Mining and resource stocks regain their lustre

Constantine Lycos

By Constantine Lycos


Mining and resource stocks have over the decades been a very important sector of the Canadian stock market. The inherent volatility, scandals, low overall sector rates of return, and the rise of the real estate sector and related industries as the primary sector of importance in Canada have meant that resource stocks declined in prominence in the last 15 years. However, a strong case can now be made in their favour.

Demand for minerals and metals

The demand for metals is very strong.

  1. The move toward clean energy initiatives is creating additional demand for metals and minerals. Wind, solar, electrified automobiles and their batteries are all adding significant demand for metals:
  • Electric cars, for example, according to contain on average 66 kg of graphite, 53 kg of copper (compared to only 22 kg in gas cars), 40 kg of nickel, 25 kg of manganese, 13 kg of cobalt, and 9 kg of lithium.
  • Offshore wind-power plants, according to the International Energy Agency, require 13 times more mineral resources than a similarly sized gas-power plant.
  1. Infrastructure spending is projected to be dramatically higher in the next 10-15 years compared to the previous 10-15 years in huge projects such as power plants, roads, telecom, water, rail, airports, and seaports. According to Russell Investments, the key reasons for this are aging infrastructure needing upkeep in the U.S. and Europe, and new infrastructure spending, primarily in Asia.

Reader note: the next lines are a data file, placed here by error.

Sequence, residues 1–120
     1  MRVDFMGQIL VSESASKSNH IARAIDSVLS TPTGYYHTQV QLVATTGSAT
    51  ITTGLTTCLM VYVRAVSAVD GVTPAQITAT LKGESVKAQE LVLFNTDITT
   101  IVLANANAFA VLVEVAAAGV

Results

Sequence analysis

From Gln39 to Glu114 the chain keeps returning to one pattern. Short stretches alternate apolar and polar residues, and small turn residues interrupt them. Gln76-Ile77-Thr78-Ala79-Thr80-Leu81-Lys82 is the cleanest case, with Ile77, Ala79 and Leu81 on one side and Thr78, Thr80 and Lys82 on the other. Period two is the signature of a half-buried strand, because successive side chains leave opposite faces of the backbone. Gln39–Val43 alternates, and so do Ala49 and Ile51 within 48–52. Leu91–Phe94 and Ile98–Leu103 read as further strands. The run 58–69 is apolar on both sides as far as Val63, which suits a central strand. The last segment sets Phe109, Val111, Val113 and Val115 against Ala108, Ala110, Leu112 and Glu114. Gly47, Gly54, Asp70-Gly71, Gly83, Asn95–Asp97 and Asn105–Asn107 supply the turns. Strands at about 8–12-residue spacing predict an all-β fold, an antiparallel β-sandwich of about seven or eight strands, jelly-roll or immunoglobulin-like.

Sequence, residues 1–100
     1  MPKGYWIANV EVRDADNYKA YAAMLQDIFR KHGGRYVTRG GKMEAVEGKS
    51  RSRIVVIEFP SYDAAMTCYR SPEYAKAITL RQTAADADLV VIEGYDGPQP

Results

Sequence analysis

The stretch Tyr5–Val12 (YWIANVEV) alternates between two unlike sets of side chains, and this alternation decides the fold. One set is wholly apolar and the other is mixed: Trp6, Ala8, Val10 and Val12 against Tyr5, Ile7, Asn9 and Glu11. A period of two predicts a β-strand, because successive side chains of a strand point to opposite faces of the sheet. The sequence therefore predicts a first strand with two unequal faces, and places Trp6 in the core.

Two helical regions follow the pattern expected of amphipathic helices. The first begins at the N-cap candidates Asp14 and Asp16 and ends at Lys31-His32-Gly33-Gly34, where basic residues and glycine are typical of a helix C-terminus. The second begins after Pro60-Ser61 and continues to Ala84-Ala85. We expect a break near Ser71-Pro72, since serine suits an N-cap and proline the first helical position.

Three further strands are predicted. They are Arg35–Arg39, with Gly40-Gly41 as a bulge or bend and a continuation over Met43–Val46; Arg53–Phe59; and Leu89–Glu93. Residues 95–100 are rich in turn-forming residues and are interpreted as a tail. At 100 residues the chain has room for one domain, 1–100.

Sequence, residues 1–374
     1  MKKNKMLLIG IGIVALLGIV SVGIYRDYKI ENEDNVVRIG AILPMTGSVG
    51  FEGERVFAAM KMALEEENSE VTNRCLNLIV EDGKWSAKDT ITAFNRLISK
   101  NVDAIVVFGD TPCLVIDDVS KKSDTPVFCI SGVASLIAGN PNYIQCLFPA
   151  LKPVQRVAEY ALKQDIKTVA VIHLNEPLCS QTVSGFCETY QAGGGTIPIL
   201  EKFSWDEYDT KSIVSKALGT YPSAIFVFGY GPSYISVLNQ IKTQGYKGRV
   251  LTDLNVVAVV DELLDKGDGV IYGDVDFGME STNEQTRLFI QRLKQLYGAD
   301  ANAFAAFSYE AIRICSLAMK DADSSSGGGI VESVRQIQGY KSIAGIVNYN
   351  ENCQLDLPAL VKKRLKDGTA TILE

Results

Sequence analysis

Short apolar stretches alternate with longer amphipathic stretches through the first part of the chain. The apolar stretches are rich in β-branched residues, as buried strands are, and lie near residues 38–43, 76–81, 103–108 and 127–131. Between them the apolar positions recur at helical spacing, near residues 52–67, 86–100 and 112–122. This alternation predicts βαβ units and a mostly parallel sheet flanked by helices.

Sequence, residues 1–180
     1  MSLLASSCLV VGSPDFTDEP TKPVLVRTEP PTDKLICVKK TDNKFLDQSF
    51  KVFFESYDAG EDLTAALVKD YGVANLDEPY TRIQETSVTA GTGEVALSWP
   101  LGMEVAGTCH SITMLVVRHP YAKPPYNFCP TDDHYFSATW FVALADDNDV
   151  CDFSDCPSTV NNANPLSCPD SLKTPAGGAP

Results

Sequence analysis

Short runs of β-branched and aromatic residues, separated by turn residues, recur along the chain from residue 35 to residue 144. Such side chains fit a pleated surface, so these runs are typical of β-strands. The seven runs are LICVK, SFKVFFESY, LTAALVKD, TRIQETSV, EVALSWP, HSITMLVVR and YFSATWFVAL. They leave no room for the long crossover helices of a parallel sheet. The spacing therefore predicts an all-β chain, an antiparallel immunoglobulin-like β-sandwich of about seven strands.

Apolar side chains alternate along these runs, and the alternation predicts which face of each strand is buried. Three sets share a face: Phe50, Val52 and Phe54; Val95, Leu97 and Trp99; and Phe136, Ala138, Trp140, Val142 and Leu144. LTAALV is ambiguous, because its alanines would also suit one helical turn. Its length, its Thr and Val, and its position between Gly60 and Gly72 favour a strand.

Supply of minerals and metals

Meanwhile, the supply of metals and minerals is constrained. There has generally been underinvestment in the sector since just before the financial crisis of 2008 as investors decreased their exposure to the sector (as well as the oil and gas sector) due to ESG (environmental, social, and governance) concerns, as well as due to the prevailing preference to invest more heavily in long-term-growth sectors such as technology.

Additionally, new mines require a long timeline to reach the point of production, often 10 years or more. In light of this, and with valuations being quite good for the mining sector as a whole, we believe that investors should have significant exposure. While the S&P500 Index has less than 3% exposure to the industry, a good allocation could be 6-10%, with a corresponding reduced allocation to technology and financials.

Attractive investment options include:

Cameco (TSX:CCO $30.58, don’t pay over $33.00), the largest uranium producer in the world. With the world moving toward cleaner energy, nuclear power plants could become more important in the energy production mix.

Freeport-McMoran (NYSE:FCX $37.83, don’t pay over $40.00), the largest copper producer in the world. Electrification of vehicles requires copper. Copper is economically sensitive, and therefore a volatile stock pick – and we may be in a recession in 2023.

Tech Resources (TSX:TECK.B $52.07 don’t pay over $57.00), a diversified miner with copper and zinc (clean energy), as well as some coal and oil-sands production.